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History Blog

Living under Nazi Rule
By Richard Kennett
20 Apr
I can pinpoint where my fascination with Nazi Germany began. I was six and my Great Aunt Phyllis showed me a photo of my grandad when he was 15 years old Nazi saluting in Germany in 1938 with swastika arm band firmly in place. David was a British scout and it dumbfounded me why he would be seemingly lending his support to the baddies (as I simplistically saw history in black and white). I never found out what he was doing.

Skip forward a few years and this fascination with the Third Reich never went away, in fact it grew. Hence I was overjoyed when Michael Riley and Jamie Byrom asked me to write Living under Nazi Rule title for the new OCR B GCSE History series.

This book has been a true labour of love. I have been working on it now for pretty much two years and I am beyond excited that its publication is imminent and that it will be used in classrooms around the country.

There is a plethora of textbooks on Nazi Germany so what is different about this one?

Firstly, I have filled it with personal stories. I strongly believe that as history teachers we need to show that history affects ordinary people and rather than just focus on Hitler and his cronies this book takes an important sideways view to those people who had to live through these 12 years. From Johann Trollmann, a Sinti boxer who fought against the Nazis both physically and metaphorically, to Emil Nolde, a painter ostracized by the regime this book will introduce you to individuals whose stories need to be heard and will enliven your lessons.

Secondly, I have ensured that this book is up to date with current academic research on the Nazis. I have done my homework and my house is so full of books on the Nazis my long suffering girlfriend was at one point concerned what friends would think. I have tried to incorporate this as fully as possible and historians are explicitly referred to so you can use their interpretations in your classroom. From Frank McDonough’s work on the Gestapo to Ian Kershaw’s work on the later war years. I am also beyond pleased that I was able to include the micro history of Professor Tim Cole’s fascinating work on the Holocaust in Hungary.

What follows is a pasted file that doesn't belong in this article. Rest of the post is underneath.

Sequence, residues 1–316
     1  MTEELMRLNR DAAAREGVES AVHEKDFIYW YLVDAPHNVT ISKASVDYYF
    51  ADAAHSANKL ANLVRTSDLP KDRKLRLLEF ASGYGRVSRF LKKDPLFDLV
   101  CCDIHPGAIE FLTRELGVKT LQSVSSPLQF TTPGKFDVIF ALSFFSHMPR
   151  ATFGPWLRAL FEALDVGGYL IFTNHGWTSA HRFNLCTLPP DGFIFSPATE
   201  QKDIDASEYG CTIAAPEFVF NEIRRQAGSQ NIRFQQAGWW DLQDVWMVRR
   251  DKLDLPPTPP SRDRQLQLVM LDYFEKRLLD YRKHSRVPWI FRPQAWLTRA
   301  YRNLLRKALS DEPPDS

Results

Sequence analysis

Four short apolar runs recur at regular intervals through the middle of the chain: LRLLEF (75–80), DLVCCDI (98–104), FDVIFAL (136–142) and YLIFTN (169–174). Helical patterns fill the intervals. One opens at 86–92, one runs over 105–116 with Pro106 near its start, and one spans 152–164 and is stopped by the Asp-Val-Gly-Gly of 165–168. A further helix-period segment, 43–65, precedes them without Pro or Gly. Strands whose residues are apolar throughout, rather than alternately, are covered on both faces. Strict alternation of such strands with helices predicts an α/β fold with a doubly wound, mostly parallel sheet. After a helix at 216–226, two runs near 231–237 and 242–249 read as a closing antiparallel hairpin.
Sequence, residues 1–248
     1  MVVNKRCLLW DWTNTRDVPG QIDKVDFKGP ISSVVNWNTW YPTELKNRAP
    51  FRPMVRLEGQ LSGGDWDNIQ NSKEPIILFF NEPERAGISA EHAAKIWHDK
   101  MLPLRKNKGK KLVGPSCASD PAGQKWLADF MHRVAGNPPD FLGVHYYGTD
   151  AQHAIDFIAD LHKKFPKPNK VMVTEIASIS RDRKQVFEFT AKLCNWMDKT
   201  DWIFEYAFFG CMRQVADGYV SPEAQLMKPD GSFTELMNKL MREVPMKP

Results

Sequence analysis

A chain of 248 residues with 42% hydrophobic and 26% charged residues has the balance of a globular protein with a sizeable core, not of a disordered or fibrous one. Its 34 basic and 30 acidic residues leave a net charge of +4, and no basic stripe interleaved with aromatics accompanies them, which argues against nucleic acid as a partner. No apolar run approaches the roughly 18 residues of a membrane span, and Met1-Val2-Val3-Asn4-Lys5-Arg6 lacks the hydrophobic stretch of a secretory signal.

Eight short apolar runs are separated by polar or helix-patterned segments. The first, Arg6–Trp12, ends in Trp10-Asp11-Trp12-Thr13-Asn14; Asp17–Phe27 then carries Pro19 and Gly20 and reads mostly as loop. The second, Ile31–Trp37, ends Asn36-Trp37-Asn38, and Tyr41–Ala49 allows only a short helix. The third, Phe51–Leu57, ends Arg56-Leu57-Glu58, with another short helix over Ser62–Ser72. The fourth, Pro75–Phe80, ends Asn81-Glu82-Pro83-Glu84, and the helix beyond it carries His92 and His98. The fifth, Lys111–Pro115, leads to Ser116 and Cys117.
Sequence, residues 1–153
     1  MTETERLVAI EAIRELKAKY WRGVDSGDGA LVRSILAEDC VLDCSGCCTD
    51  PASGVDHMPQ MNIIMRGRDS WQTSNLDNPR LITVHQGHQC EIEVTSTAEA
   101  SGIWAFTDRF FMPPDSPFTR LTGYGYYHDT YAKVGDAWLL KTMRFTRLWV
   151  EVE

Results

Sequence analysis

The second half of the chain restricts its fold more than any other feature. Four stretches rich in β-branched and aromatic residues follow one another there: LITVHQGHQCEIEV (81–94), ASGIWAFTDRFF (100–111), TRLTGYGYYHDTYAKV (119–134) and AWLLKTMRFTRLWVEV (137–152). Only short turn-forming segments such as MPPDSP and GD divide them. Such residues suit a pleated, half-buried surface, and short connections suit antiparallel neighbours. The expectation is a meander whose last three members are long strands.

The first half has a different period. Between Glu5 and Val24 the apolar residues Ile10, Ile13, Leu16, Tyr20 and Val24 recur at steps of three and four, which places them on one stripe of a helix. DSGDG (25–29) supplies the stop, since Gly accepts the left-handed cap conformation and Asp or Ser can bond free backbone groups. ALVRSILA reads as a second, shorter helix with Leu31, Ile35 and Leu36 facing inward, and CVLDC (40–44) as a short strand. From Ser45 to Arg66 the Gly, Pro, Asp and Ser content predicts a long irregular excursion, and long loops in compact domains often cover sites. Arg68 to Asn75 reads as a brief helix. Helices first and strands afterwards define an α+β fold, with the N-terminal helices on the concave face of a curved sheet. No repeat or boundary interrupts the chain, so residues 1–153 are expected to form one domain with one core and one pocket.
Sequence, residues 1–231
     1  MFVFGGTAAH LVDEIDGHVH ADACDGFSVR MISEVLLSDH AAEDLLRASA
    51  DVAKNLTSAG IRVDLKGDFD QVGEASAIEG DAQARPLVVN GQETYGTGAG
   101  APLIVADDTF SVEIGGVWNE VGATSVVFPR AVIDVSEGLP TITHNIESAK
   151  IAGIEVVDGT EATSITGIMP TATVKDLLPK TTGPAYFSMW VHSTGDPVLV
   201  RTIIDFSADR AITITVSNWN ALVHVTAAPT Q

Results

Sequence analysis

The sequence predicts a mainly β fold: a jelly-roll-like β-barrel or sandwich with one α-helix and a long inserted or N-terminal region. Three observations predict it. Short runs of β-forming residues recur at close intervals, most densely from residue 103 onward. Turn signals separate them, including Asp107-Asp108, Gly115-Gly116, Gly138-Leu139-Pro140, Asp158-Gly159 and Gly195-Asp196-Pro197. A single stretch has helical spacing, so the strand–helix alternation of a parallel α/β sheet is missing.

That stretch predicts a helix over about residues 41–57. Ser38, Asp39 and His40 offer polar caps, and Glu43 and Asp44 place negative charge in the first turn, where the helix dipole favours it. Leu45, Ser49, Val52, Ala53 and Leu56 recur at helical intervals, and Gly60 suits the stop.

Thirdly, I have spent an age researching the best images to really bring this history alive. I love using photos of artefacts in my classroom and have incorporated this into my textbook. I have traipsed the corridors of Europe’s museums of Nazi history and tried to include the best objects in the book. The best of which has to be the box of potatoes the Bontekoe family received during the winterhonger in the Netherlands representing the horror that Nazi occupation ravaged across Europe.

Fourthly, I have spent a long time ensuring this book is accurate and importantly does not over simplify complex history. The story of the persecution of the Jews is fundamental to this book and I felt it was crucial to get this right. The pages that cover this narrative took me an age and I am hugely grateful to Martin Winstone at the Holocaust Education Trust, a true expert who spent time and effort picking through them and helping to guide me to make them better.

Finally, I can guarantee that this book has one thing that is totally original - that you won't find anywhere else. It includes the only known photo of my granddad Nazi saluting! After a lot of searching around her house my Mum’s cousin unearthed that photo and I couldn’t help but use it. It appears on the pages focusing on the impact of Nazi policies on young people. So you’ll be able to use the photo that first inspired my interest in the Nazis all those years ago in your classroom.

I really hope you enjoy the book as much as I did writing it.

Richard Kennett
Living under Nazi rule is available now.

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